NEWS FROM CALIFORNIA STATE UNIVERSITY, BAKERSFIELD
FOR IMMEDIATE RELEASE
March 17, 2004
CONTACT: Mike Stepanovich, 661/664-2456 or firstname.lastname@example.org
A $330,000 three-year grant from the National Science Foundation will help California State University, Bakersfield’s Geology Department study the climate history of the Southern San Joaquin Valley and support geoscience education in Kern County. Coupled with some matching money from the university, the total package is for about $400,000 over three years.
Geology professors Dirk Baron and Rob Negrini, together with Manuel Palacios-Fest of Terra Nostra Earth Science in Arizona, prepared the grant, which will support research designed to understand the regional climate history and flooding of the Kern River and its tributaries. The grant also provides significant funding to improve geoscience education in local middle schools and high schools, and at CSUB.
The grant provides summer research participation opportunities and stipends for K-12 teachers and high school students. Teachers and students will work with CSUB faculty collecting cores from Buena Vista Lake and analyzing them in the Geology Department’s modern laboratory facilities. The grant also provides scholarships for new geology students at CSUB.
Baron said the grant’s object is to provide “opportunities for enhancing diversity in the sciences. We want to provide opportunities for not only teachers to enhance their knowledge through first hand experience, but also for high school students who may be interested in geology career opportunities. The grant will also provide scholarships for geology majors at CSUB; it will pay all their fees plus provide a small stipend. All told, it adds up to about $4,000 a year.”
Applications for both the teacher and high-school student summer positions are being accepted now, as well as applications from CSUB students for the scholarships. The grant also provides funds for outreach activities to attract minorities to the geosciences, he said.
Baron said the research project will be for four weeks in the summer, and involve 10 high school students and six teachers. The teachers will receive a $3,000 stipend for the four weeks, and the high school students will receive $500 stipends for the same period. Applications are currently being accepted, he said. “We have a lot of interest from teachers,” he said. “They need additional training in the sciences, so this is a great opportunity for them to get that.”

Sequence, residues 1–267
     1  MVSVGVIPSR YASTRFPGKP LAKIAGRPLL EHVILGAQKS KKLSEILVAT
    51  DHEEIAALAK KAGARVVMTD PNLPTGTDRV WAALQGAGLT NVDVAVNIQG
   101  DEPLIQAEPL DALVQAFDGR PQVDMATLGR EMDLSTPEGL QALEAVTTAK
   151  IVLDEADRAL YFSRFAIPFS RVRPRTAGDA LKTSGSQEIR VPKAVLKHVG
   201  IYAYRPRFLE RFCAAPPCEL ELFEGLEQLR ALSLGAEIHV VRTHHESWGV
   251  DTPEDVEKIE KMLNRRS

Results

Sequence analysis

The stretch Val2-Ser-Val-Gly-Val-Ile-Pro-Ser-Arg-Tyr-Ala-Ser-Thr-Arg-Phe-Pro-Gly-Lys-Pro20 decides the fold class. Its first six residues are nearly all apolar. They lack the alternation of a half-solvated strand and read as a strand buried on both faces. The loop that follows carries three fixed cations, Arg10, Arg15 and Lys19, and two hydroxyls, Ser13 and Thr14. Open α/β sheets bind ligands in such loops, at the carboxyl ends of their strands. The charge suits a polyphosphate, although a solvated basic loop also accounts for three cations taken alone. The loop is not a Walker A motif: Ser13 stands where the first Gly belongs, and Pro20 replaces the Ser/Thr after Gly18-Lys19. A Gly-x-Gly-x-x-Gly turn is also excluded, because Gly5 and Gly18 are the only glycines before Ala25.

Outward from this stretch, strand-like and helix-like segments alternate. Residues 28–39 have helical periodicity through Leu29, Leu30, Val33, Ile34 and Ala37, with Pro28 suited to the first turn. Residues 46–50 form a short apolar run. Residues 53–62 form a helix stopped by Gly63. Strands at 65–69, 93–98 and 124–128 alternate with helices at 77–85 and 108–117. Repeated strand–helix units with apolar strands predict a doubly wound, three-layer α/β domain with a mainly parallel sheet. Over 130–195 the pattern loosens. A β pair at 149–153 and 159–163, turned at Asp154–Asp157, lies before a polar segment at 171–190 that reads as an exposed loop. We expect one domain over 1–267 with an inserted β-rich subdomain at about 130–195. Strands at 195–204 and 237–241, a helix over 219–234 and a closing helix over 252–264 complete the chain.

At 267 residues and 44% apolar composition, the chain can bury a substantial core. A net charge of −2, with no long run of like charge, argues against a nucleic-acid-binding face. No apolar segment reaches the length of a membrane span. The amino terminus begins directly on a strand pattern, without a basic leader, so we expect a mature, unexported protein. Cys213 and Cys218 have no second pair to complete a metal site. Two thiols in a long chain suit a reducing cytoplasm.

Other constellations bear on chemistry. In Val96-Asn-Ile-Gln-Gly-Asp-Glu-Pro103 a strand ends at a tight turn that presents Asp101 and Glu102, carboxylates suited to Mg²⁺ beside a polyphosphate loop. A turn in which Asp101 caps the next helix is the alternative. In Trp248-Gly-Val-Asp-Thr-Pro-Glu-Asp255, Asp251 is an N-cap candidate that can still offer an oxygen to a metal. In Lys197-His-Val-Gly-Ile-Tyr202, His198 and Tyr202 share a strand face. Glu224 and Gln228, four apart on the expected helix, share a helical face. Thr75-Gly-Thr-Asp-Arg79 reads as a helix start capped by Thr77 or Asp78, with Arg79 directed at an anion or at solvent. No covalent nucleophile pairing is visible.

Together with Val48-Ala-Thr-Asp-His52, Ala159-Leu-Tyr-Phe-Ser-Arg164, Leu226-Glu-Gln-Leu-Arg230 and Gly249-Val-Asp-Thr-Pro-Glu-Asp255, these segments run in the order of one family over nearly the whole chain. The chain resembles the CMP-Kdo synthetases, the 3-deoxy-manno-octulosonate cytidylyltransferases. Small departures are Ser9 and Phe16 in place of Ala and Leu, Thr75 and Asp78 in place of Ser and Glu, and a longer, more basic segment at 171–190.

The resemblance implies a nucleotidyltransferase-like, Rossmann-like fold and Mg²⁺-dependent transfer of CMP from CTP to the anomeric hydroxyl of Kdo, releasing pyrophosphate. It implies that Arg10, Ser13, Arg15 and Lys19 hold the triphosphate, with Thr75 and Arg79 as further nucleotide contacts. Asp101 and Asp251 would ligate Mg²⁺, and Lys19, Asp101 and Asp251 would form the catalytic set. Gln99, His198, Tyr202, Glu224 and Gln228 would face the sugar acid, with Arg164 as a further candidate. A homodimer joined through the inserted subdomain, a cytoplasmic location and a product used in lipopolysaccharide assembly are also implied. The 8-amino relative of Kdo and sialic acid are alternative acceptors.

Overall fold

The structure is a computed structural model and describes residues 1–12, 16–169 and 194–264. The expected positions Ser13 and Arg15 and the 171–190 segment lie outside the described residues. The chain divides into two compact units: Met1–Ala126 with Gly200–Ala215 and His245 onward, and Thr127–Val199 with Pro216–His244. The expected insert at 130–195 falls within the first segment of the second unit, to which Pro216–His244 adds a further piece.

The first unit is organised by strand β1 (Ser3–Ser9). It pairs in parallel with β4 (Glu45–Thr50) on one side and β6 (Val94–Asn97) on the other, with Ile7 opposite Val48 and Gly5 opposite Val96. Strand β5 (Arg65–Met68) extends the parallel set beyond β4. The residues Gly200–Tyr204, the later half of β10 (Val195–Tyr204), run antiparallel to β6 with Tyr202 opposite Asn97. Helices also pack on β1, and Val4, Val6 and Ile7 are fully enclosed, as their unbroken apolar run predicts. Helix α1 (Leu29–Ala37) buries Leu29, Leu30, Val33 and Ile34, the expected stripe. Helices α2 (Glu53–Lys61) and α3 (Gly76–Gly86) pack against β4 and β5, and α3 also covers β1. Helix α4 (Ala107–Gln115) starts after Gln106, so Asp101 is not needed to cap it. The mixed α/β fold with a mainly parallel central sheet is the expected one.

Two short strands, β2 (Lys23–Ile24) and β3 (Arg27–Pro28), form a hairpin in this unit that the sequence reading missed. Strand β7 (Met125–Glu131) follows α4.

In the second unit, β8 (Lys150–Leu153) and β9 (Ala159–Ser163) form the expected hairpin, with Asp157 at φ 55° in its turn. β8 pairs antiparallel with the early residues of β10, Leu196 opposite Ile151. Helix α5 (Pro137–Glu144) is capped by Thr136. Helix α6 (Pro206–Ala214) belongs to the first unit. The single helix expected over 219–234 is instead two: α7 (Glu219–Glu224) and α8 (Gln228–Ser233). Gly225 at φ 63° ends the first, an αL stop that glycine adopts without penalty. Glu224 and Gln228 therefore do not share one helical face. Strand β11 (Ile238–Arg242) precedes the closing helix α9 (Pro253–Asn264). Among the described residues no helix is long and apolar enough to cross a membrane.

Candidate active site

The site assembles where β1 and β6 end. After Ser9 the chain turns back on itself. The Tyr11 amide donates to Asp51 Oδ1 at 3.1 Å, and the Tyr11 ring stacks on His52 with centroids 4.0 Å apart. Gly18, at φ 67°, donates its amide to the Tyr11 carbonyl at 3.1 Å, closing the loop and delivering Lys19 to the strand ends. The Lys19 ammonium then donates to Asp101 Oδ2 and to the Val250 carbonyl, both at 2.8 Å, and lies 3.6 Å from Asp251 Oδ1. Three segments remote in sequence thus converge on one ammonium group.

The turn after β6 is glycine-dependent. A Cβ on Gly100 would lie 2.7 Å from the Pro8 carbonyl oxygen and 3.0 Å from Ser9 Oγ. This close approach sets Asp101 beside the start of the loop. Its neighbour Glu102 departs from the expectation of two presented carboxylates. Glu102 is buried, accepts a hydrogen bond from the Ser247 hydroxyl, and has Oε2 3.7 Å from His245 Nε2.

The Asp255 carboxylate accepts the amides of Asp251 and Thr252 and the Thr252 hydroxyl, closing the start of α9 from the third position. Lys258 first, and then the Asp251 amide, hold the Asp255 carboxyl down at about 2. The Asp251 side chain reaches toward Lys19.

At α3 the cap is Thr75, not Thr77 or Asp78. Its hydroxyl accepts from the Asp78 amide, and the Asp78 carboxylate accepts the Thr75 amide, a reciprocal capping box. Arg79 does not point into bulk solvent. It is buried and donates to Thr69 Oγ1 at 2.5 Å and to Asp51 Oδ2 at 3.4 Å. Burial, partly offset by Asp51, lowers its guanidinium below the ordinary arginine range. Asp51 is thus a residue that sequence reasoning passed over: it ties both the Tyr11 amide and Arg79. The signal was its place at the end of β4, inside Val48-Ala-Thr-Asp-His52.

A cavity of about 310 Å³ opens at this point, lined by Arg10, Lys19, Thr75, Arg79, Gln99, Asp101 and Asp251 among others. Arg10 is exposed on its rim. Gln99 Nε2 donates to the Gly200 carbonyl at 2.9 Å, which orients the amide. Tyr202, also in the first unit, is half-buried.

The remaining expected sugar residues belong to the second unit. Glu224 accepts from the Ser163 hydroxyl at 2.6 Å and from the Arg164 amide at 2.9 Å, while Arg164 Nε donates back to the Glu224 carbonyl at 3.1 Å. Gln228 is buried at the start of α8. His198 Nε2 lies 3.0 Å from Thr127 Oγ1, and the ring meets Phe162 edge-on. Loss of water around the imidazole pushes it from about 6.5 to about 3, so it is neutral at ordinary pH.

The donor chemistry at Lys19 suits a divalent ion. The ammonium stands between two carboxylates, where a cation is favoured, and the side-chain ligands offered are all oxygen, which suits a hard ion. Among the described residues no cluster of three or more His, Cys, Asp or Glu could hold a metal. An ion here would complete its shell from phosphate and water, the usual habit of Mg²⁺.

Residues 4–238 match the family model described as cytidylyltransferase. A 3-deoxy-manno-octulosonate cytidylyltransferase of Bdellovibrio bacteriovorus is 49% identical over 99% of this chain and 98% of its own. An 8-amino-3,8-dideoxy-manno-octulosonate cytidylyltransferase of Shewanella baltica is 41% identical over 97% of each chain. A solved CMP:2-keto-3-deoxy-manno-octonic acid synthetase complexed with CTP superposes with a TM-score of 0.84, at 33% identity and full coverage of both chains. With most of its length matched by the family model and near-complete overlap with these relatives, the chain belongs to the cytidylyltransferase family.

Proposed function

Negrini said that the “proposal was developed in collaboration with the Bakersfield City School District and the Kern County Superintendent of Schools with the purpose of creating a project that supports teachers in the implementation of the new California Science Standards; it is relevant to students, and is a window into a significant research project. The research project is will provide a real-life experience for the student and K-12 teachers.”
For the research project, Baron said, “We decided to do something with local relevance, something that affects peoples lives. We plan to collect a series of cores and from dry lakes in the area, Buena Vista, and Kern Lake. Those cores preserve a climate record, and allow us to look at the climate changes over the past 100,000 years or so. We can study flooding events, which would also be preserved in the sediments of those dry lakes. We can look at flooding frequency. So if the climate going to warm up due to global warming, we hope to be able to project what will happen. So those are the kinds of scientific questions we’re looking at.
“Those sediments preserve a really nice record of what’s gone on in the past,” he said. “We can tell how deep the water was in those dry lakes. There are indicators of how warm the water was, or how much salt or fresh water. We can really figure out a lot of things from these sediments. So trying to use the past to project the future.”
Negrini said the department has been able to purchase a drilling rig, which they will use to take the cores.
For more information about the program, or to apply, please call Baron at (661) 664-3044, or visit the website at http://www.cs.csubak.edu/Geology/nsf_grant.htm.